Working at Red Door Interactive | Glassdoor

Red Door Interactive Overview

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San Diego, CA
51 to 200 employees
2002
Company - Private
Advertising & Marketing
$10 to $25 million (USD) per year
Unknown
With offices throughout Southern California and the Mountain West, Red Door Interactive is a national, award winning, full-service marketing and advertising firm that utilizes an informed storytelling approach for mid-market brands looking to increase market share. Through an ... Read more

Red Door Interactive Reviews

  • Helpful (1)

    "Cool Company"

    StarStarStarStarStar
    Current Employee - Anonymous Employee
    Current Employee - Anonymous Employee

    Pros

    Really strong company across web dev, Analytics and digital marketing. Cool culture that has been refined over the last decade plus.

    Cons

    I have no cons it's a great company to be associated with.

    Advice to Management

    Keep doing good work and enjoy the ride.

See All 26 Reviews

Red Door Interactive Photos

Red Door Interactive photo of: In our Denver office
Red Door Interactive photo of: Lunchtime yoga class
Red Door Interactive photo of: Our Tuesday lunchtime Boot Camp
Red Door Interactive photo of: Workplace Excellence award night
Red Door Interactive photo of: Downtown San Diego Office
Red Door Interactive photo of: Downtown San Diego Office
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Red Door Interactive Interviews

Experience

Experience
31%
15%
54%

Getting an Interview

Getting an Interview
84%
8%
8%

Difficulty

3.3
Average

Difficulty

Hard
Average
Easy
  1. Helpful (5)  

    Social Media Strategist Interview

    Anonymous Interview Candidate in San Diego, CA
    No Offer
    Negative Experience
    Difficult Interview

    Application

    I applied through an employee referral. The process took 2+ months. I interviewed at Red Door Interactive (San Diego, CA) in September 2015.

    Interview

    5 major thing to do/keep in mind when interviewing with this tight-knit agency:

    1) Be careful who you interview with here –– Some of their recruiters DO NOT communicate well, forget you, lead you on, and don't follow up. Unfortunately I had a bad recruiter and HR process here. The total process lasted over 10 weeks, only to find out during week 11 (yup, 11 weeks later) that there were 2 candidates being interviewed the entire time and the other guy was chosen. They had forgotten I applied, called, told that I was "good but didn't fit what they were looking for" and "of course would consider me for other roles." If you apply and receive a call, ask for the recruiter's name and do a quick web search on that recruiter to see if she's gotten any bad press.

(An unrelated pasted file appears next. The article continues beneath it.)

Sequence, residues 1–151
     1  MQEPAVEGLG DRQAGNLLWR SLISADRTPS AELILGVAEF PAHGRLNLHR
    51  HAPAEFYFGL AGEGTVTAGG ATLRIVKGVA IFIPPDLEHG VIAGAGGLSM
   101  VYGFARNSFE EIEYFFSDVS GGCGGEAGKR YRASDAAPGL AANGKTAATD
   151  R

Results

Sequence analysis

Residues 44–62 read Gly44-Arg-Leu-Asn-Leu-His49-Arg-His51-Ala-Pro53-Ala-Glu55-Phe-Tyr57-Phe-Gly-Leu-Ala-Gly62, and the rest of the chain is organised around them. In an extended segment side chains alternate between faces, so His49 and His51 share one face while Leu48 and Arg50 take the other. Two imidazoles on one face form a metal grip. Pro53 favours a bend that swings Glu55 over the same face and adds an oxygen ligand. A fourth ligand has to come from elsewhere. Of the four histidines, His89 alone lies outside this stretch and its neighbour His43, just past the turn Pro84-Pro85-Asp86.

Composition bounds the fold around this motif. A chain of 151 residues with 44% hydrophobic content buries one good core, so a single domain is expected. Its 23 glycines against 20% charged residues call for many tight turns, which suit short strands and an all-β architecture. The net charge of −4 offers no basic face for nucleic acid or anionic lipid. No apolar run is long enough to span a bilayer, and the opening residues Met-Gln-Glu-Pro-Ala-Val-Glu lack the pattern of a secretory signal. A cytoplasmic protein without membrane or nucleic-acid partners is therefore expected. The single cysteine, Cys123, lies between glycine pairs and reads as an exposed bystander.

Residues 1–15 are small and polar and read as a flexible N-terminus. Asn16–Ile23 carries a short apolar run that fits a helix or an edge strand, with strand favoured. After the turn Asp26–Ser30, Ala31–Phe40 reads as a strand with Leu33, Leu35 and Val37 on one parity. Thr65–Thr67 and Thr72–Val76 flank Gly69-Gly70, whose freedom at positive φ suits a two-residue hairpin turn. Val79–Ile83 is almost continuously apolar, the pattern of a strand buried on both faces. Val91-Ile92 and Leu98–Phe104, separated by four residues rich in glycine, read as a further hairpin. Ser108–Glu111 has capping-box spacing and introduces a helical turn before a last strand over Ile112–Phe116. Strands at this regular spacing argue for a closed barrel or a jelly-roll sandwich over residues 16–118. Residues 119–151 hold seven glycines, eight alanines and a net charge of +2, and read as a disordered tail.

2) Follow up as much as you can, DO NOT wait past a week if you don't hear anything back. –– During the first 5 weeks, the recruiter I was working with was very unprofessional, flaking out on the first 4 (yes 4) phone interviews we had scheduled. Finally, when she called and caught me off guard and I decided to take her call and do an impromptu interview. She was overly nice, flighty, dismissive, and aloof. I wish I had a different recruiter because I might have had a very different process and hiring success. I might even be employed there, if it weren't for that recruiter.
    3) Do your research/homework on their clients, who they work with, what kind of communication styles they use and campaigns they're running BEFORE you interview. They will ask you random questions during the interview to see if you know who they are. (Just a heads up, they have a bit of a snobby air about them (they are good at what they do so I guess I can't blame them), but it would behoove you to research ahead and make sure you have a pulse on their business).
    4) Make friends with someone who works there –– this helped me tremendously during the whole process and I would't have the insight, savviness or gusto I have now without this guy. He was a wonderful asset to work with and I only wish I could have called him a coworker. Do this and it will get your apple. moved to the top of the stack and keep you in the know during the entire hiring process.
    5) Look out for emails from various people within their recruiting/HR team. It seems like they're a little disorganized and don't communicate well amongst each other –– you often get repeat questions, emails and have to start over on basic points of interest.

    Interview Questions

    • What are the top campaigns you've worked on during your brand experiences and what were the results?   Answer Question
See All 13 Interviews

Red Door Interactive Awards & Accolades

  • Best Places to Work in San Diego (Medium) - 2007, 2008, 2009, 2010, 2011, 2012, 2013, San Diego Business Journal, 2015
  • Best Places to Work, Ad Age, 2012
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